It’s Not Your Grandfather’s White Suburb Anymore

By Peter Galuszka

Virginia’s slow and steady color change from red to blue was underscored again in the Nov. 6 election with Barack Obama once again winning the Old Dominion.

As Republicans lick their wounds, they may consider just how reliable GOP bastions of the state are changing and how that very neatly tracks trends that smart growthers have identified and promoted. Old style suburbanites living on relatively large, single family tracts are being displaced by younger voters who may live in more clustered housing near public transit closer to cities.

For the past several decades, the GOP could depend on the former who may live in such predominately white, middle class areas as Loudoun, Prince William or Chesterfield Counties. Yet as housing patterns trend back towards cities and younger people shy away from 1950’s-style,  cul de sac housing in favor of more densely-populated living arrangements, a more moderate electorate is evolving.

This is the thesis of Stephen F. Farnsworth and Stephen P. Hanna, University of Mary Washington professors who write in a Sunday Washington Post Local Opinion piece.

“Republicans have historically relied upon sizable suburban victories — coupled with large majorities in the state’s rural areas — to win statewide. But the GOP margins in the suburbs are eroding,” the say.

Examples may be areas where Mitt Romney won but not really by that much. For instance, he took Stafford and Spotsylvania counties that are in the NOVA-Fredericksburg orbit. Obama, however, got 45 percent in Stafford and 43 percent Spotsylvania. Twelve years ago, Al Gore did much worse there, gaining roughly about seven or so percentage points less.

Even my home county of Chesterfield in suburban Richmond that was bulging with Romney-Ryan signs on lawns voted 45 percent for Obama. Henrico went 55 percent for Obama.

The common denominator for all of these counties is that they were once considered refuge for upwardly-mobile whites who wanted more land and schools that did not have as many African-American children or the tensions of court-ordered integration. Escaping from crime was another motivator.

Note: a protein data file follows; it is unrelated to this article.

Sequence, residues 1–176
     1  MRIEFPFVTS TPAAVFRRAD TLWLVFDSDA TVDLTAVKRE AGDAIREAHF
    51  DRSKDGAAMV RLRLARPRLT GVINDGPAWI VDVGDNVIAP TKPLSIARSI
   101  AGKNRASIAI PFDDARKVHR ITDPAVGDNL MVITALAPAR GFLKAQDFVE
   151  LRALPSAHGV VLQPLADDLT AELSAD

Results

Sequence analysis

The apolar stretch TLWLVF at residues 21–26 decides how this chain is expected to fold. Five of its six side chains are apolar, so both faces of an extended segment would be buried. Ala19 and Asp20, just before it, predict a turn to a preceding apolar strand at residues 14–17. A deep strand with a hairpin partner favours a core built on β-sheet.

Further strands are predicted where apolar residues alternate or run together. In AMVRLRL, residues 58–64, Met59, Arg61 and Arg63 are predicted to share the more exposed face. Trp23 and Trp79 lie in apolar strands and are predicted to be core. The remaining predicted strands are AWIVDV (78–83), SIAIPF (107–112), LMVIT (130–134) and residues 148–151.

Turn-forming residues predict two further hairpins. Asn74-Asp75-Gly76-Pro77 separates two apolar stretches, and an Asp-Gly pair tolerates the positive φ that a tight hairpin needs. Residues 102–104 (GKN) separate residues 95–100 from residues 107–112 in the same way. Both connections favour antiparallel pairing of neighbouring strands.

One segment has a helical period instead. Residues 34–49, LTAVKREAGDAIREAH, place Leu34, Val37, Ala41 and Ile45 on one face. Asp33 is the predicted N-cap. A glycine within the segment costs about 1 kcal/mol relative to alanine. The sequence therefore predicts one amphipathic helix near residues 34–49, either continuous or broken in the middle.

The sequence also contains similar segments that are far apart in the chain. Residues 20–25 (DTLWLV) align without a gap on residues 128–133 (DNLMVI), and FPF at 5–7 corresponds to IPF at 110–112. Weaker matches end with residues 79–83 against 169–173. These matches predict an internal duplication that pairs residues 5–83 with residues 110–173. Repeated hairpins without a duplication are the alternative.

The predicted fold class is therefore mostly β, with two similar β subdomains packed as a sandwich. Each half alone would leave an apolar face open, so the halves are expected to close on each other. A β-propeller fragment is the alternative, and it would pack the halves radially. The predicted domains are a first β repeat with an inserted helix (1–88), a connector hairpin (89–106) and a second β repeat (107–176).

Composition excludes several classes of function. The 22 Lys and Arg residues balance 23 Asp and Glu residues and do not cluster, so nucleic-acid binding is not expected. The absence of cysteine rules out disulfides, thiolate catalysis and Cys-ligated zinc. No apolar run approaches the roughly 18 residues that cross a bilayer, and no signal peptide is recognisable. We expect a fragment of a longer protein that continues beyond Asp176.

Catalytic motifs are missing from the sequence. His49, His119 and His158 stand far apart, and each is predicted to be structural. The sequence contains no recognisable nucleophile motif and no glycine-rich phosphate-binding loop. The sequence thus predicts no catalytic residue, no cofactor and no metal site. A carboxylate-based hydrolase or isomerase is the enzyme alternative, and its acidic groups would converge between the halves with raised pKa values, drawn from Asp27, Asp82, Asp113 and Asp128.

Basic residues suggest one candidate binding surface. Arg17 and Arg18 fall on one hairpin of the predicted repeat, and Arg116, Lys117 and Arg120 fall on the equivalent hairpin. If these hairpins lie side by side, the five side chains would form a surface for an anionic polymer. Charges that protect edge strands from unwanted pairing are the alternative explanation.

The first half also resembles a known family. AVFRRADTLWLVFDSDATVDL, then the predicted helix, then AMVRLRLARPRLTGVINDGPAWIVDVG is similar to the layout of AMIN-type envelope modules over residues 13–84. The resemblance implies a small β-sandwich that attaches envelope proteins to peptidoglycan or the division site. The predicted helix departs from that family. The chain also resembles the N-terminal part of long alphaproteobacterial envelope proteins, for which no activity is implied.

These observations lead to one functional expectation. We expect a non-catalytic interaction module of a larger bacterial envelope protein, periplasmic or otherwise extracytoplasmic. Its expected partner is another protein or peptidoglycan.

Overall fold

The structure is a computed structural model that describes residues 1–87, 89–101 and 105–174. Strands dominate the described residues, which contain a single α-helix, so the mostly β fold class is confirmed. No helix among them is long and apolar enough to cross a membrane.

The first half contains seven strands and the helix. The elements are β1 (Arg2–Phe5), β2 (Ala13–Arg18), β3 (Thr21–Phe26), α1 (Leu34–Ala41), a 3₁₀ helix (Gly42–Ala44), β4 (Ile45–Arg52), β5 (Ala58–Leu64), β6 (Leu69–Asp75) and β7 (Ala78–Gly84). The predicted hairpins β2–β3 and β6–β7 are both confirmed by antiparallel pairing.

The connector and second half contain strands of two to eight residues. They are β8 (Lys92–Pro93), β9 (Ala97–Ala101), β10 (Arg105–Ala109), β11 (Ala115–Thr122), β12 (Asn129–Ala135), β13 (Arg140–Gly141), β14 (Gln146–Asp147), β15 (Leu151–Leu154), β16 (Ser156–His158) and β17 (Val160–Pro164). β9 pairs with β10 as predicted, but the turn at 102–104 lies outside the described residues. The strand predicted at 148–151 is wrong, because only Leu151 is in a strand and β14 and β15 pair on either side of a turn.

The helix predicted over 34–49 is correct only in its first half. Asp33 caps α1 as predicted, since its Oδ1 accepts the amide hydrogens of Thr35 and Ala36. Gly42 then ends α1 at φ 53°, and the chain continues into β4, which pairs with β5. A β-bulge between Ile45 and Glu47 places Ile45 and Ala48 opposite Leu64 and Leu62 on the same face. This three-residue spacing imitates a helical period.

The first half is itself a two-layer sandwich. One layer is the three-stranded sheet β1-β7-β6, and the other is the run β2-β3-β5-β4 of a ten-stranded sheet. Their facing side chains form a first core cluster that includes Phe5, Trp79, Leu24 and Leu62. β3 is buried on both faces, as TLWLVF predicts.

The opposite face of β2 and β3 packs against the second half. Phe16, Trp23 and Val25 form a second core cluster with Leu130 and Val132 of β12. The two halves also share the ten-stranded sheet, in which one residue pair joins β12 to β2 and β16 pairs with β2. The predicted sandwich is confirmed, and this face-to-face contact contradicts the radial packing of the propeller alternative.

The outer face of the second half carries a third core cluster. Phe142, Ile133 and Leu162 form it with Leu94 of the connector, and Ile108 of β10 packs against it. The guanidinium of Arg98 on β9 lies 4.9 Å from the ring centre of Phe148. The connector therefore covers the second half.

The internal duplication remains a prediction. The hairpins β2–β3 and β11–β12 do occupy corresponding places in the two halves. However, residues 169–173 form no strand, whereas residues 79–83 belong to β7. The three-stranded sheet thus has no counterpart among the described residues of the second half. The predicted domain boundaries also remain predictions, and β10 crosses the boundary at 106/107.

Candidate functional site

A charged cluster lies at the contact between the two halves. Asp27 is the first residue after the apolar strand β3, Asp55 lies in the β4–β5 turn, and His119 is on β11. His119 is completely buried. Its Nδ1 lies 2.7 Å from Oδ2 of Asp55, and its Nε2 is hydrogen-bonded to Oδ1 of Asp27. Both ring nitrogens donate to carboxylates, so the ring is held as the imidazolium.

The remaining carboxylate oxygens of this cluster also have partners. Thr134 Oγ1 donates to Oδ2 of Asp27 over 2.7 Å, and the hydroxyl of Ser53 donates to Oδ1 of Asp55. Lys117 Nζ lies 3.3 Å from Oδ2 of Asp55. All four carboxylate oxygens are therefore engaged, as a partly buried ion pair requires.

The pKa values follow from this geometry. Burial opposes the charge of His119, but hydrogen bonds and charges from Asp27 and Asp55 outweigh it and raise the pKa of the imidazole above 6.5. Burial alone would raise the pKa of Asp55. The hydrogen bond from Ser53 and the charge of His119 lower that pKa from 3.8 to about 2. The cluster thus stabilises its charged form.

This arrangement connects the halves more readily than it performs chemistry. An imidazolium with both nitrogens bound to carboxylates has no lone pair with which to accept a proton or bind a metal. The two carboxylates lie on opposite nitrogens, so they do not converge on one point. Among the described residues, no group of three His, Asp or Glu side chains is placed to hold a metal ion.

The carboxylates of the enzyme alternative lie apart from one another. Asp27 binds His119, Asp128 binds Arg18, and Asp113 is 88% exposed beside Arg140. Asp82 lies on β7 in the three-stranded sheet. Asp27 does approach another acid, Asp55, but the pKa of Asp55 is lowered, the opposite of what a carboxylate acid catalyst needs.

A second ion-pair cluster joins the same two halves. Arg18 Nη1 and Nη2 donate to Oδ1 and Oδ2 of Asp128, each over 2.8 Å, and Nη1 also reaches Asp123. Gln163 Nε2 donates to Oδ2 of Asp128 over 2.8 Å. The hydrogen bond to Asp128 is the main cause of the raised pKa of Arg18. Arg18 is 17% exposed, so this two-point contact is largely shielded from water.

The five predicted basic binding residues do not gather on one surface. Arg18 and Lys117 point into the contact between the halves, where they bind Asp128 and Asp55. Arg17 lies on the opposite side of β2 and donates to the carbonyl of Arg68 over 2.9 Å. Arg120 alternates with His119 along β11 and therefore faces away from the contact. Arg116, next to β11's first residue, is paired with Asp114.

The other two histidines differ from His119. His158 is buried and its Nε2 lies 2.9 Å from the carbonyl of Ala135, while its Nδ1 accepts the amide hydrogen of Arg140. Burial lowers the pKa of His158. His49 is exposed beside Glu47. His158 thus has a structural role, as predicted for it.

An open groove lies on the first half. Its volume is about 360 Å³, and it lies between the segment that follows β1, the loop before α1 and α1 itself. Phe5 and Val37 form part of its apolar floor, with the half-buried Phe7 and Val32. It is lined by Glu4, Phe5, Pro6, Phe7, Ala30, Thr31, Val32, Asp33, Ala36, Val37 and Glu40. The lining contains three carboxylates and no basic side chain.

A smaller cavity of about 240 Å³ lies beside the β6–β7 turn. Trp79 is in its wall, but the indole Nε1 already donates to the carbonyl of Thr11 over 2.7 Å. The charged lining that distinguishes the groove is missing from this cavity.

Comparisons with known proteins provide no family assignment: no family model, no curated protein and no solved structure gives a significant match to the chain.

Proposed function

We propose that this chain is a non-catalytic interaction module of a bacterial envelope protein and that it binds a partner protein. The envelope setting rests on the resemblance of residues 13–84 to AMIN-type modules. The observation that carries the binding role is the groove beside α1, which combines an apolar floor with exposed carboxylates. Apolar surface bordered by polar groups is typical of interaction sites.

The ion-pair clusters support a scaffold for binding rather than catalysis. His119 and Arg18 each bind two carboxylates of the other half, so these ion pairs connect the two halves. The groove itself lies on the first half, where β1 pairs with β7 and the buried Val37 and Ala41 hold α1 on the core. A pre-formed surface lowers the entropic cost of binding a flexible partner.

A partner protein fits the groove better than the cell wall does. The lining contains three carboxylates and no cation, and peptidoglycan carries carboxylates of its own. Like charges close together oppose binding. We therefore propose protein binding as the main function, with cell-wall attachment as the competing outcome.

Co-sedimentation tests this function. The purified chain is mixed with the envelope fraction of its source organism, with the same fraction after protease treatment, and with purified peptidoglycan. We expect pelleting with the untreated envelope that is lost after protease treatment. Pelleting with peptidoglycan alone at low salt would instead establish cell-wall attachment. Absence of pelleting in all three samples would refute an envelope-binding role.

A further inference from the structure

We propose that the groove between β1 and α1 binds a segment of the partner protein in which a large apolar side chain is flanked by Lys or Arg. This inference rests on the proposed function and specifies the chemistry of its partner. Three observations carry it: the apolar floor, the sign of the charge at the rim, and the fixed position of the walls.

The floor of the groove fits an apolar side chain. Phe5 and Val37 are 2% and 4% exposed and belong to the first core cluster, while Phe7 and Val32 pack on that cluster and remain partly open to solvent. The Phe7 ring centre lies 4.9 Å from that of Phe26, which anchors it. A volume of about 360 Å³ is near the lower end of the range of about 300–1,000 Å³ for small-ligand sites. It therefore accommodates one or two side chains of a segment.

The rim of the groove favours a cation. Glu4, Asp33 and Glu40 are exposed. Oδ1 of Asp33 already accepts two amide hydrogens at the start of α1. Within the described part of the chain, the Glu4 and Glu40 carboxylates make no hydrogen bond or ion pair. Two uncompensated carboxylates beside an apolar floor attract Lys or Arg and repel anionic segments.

Such older whites “are followed by younger migrants who are less likely to be able to afford a single-family home on an acre or more. Many do not even want such a spread. These later arrivals manly want to live closer to work and are younger, more ethnically diverse and more Democratic in their partisan loyalties,” write Farnsworth and Hanna.

There a hidden a delicious irony about all of this. As Bacon’s Rebellion readers know, one world view of the blog is that old-fashioned suburban living settlement patterns are wasteful and inefficient. Regarding Richmond, this view supports the entire “RVA” shtick that the “Creative Class” is relocating or not leaving more urban areas as they ride bikes, write software and go to art museums.

Supporters of this view, however, tend to be reliably Republican although they might not necessarily support hard right GOP social issues, such as fighting  abortion and forcing women seeking abortion undergo embarrassing trans-vaginal exams. The issue is entirely a non-starter with the “Creative Class.”

The GOP needs to reset their thinking. Also, backers of this “Creative Class” fad, who include members of Richmond’s entrenched and hard-right elite, need to somehow square such contradictions with what they are preaching.

In the end, it probably doesn’t matter anyway because there’s not much they can do to alter the state’s color change.

One Response to It’s Not Your Grandfather’s White Suburb Anymore

  1. Very excellent piece – Peter! thank you.

    Spotsylania/Stafford have not physically moved to NoVa. They ARE part of the NoVa region PRIMARILY because they live in the counties and work in NoVa.

    Neither county could be fairly characterized as leading-edge “smart growth” for the young, minorities, or Women – either.

    The two counties are primarily sprawl, tradition cul-de-sac subdivisions.

    Ok if you are with me so far on the facts – then my burning question is why are the two counties trending towards purple/blue?

    We do have a significant ridership of VRE – a significant percentage of the 20,000 total daily riders – and it is a subsidized government-run operation. The daily per rider subsidies far exceed the per rider fairbox.

    but I digress.. what”s causing the trending to purple/blue?

    Well.. the dirty little secret that Obama’s team knew that the GOP apparently did not is that a very significant portion of NEW commuters buying homes in the Fredericksburg Area are, in fact, minorities and though Romney won many/most of the precincts, the minority population turned out in droves. Many of them are….that’s right, government workers (the same as their fellow GOP neighbors).

    What might be interesting would be to poll commuters from the Fredericksburg Region with respect to their political leanings.

    While hard to believe – the reality is that many GOP-voting folks in the Fredericksburg area are – government employees or govt contractor employees.

    so they work for that big bad nasty central government that caters to “takers” and the vote with the party that would savage entitlements but not DOD or other National Defense spending.

    BINGO! break that poll down into who works for DOD and how they vote – and I’m betting that’s where the heart of the GOP is in the bedroom communities of Stafford and Spotsylvania.

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